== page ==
According to the National Assessment of Education Progress, a third of children nationwide are proficient readers by the end of third grade, but 80% of low-income children score below proficient on a fourth-grade reading assessment. Ninety percent of English language learners score below proficient.
For years, providing early literacy programs to low-income children has been a focus of Reading and Beyond, a Fresno nonprofit.
The organization offers tutoring to students, operates a preschool and has "family navigators" who visit families in their homes to help parents get children ready to read.
The home visits are designed to encourage parents to get involved in their children's education, but they also connect families to social services such as health and housing.
The navigators know families can be stressed.
"You can't arrive to find an eviction note on their door and expect them to listen to how their child is going to learn," said Luis Santana, executive director.
Early language and literacy development starts at birth, and helping parents is a cornerstone of early literacy programs in the Valley.
Madera Unified School District, in partnership with First 5 Madera County, offers learning opportunities once a month for parents. Family advocates and learner supporters bring the families together and help them understand their role in their children's education, said Chinayera Black-Hardaman, executive director of First 5 Madera County.
The family advocates also go to homes and help families who need resources, whether it's books for children or food for the family, she said. "You or I might go to Target and Walmart and easily buy a quality pre-kindergarten book, but some of these families are just trying to meet their basic needs."
Another need: Not all children have attended preschool before starting kindergarten, Black-Hardaman said.
First 5 Madera County provides a Pre-K University, a short, intensive program to get children ready for school. For example, they learn to line up, sit on a carpet and engage in story time, she said.
Providing a quality preschool experience for children is an early-literacy priority in Fresno County. A 2013 kindergarten entrance assessment found about 37% of students in the county were ready for school.
The assessment gave a nudge to school districts to invest more funds in preschool programs.
Getting an early start
But across the Valley, students still arrive without preschool experience at kindergarten -- or at transitional kindergarten, a bridge to kindergarten for children whose fifth birthdays fall between Sept. 2 and Dec. 2.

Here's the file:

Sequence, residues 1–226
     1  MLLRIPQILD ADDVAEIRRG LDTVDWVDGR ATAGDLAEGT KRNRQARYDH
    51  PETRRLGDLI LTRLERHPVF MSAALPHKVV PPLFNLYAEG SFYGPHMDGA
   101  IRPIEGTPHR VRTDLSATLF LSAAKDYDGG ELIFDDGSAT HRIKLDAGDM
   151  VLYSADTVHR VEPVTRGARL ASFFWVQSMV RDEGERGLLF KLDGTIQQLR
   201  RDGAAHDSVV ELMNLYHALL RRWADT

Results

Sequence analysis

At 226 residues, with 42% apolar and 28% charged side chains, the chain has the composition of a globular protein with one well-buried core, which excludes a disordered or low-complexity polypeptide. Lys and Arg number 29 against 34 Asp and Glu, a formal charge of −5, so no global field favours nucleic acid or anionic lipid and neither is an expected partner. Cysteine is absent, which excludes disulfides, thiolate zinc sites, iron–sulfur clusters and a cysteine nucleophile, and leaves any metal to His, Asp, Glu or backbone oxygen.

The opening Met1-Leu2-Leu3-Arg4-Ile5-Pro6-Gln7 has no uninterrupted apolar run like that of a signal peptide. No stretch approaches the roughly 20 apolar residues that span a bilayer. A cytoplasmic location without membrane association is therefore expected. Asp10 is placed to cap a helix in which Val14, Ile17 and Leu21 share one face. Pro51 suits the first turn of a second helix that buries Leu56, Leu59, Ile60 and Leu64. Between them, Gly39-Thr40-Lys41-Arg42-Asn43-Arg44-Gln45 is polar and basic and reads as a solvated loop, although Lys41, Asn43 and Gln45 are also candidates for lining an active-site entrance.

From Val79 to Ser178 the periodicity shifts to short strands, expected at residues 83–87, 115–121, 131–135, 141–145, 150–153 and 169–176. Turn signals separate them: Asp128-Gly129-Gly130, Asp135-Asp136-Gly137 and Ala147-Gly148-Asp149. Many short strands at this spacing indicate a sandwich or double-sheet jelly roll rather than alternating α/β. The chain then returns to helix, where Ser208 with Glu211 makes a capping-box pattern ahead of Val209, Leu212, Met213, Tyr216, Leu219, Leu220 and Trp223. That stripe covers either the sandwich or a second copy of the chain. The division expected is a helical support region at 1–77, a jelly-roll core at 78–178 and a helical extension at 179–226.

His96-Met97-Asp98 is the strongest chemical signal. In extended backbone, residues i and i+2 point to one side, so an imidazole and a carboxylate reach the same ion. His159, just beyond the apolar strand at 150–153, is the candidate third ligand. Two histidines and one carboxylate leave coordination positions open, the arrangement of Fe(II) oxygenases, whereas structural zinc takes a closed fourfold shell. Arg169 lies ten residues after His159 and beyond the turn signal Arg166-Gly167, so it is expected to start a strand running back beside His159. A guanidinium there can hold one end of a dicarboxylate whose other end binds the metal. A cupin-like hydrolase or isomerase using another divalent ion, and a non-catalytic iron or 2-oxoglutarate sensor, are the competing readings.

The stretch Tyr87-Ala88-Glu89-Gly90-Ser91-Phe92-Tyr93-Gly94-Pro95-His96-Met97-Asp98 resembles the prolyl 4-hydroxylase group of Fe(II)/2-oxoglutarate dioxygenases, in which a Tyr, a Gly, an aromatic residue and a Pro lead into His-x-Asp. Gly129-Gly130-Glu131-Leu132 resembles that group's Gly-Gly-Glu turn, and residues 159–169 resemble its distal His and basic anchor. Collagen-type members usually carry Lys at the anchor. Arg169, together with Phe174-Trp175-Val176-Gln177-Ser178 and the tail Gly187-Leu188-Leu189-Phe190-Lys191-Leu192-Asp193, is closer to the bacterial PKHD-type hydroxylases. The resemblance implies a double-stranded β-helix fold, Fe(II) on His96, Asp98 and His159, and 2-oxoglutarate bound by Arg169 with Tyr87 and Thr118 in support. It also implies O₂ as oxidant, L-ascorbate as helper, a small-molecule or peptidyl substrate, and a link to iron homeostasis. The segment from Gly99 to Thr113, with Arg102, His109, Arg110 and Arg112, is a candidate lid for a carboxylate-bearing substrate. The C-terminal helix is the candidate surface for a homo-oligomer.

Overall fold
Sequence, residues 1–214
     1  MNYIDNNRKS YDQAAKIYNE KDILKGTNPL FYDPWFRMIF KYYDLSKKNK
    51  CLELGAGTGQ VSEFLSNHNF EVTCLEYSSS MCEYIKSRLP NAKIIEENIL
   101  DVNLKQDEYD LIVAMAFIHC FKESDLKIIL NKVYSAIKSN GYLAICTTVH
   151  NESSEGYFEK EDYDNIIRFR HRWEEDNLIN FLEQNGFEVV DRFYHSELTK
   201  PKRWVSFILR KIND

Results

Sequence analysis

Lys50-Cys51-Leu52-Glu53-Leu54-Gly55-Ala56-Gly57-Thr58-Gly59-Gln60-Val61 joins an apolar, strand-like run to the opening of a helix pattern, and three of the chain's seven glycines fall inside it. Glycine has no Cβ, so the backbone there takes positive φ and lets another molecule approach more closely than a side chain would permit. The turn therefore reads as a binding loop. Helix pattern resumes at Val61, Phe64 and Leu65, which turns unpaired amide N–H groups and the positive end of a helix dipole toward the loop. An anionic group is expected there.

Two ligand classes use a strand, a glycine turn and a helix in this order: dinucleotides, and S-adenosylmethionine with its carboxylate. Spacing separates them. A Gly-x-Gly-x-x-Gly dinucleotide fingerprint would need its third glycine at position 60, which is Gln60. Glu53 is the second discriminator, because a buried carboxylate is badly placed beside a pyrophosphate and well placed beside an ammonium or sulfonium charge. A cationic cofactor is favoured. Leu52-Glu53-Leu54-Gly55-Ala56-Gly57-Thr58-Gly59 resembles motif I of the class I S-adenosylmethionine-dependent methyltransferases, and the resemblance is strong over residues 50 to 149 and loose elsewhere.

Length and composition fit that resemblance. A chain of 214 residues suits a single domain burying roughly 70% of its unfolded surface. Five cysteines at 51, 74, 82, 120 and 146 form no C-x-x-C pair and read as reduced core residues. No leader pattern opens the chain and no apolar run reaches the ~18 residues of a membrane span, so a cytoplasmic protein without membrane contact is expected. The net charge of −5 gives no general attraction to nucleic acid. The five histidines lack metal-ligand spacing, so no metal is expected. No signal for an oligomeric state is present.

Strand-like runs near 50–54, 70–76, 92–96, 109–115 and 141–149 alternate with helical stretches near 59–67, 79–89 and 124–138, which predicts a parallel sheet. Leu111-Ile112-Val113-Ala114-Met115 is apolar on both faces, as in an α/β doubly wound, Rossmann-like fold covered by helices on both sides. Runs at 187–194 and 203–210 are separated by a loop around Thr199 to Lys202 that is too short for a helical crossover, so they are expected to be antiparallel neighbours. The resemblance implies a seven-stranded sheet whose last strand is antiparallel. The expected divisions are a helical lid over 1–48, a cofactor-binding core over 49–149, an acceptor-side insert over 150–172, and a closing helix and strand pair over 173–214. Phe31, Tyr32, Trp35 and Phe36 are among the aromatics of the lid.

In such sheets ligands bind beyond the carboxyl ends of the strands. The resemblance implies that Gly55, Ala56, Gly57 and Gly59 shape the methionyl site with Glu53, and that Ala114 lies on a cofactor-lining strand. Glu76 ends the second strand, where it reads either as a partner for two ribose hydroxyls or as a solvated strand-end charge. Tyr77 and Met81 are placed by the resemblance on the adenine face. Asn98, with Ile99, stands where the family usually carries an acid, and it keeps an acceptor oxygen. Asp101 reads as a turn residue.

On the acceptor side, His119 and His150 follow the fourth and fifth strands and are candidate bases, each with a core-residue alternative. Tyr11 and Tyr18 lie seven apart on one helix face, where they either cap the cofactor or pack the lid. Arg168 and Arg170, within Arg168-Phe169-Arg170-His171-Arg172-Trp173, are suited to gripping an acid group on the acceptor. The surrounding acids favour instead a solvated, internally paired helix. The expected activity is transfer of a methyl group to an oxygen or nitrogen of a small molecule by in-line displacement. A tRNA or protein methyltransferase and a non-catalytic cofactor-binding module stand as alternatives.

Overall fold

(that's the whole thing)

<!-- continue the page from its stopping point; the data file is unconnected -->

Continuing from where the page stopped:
For the past three years, California has required school districts to provide transitional kindergarten classes. Districts must use a modified curriculum that is age- and developmentally appropriate.
In Vang's transitional kindergarten class this year at Jefferson Elementary, only three students had gone to preschool. After three years of teaching transitional kindergarten, Vang said she's discovered that students who have gone to preschool come to her ready to follow school rules, know part of the alphabet and have a good vocabulary for their age.
Preschool experience or not, transitional kindergartners are young, she said, and this year's class seems especially so. "They're tiny -- they're like babies."
Vang said her students benefit from the program, which allows her to use singing to teach language, for example. The learning is at a slower pace than traditional kindergarten, she said. "In kindergarten, everything moves fast, fast, fast."
Joseph Guardado is happy his son, Elijah, 4, is in Vang's transitional kindergarten class. He was too young to go to preschool last year, he said. "Now, when he gets to kindergarten, I'm pretty sure he'll know everything."
Chanmany Xaysaenglattana has mixed emotions about her daughter, Traymoni Edwards, 4, who is in Vang's class. Her daughter also didn't go to preschool, but she's not sure Traymoni needs the transitional class.
"She's very active and smart," she said, "but again, I guess she'll be smarter than her class."
Teachers say early literacy experiences, whether on a parent's knee listening to a story or in a preschool or transitional kindergarten classroom, add up to a student who's more likely to be a successful reader in third grade.
Jacqueline Sims-Esquivel, who teaches third grade at Ayer Elementary in southeast Fresno, said about half her class began this year reading at grade level. Getting all students proficient by the end of the year is a challenge, she said, but early literacy programs are working.
"I expect to see kids in a year or two with a much better handle on reading."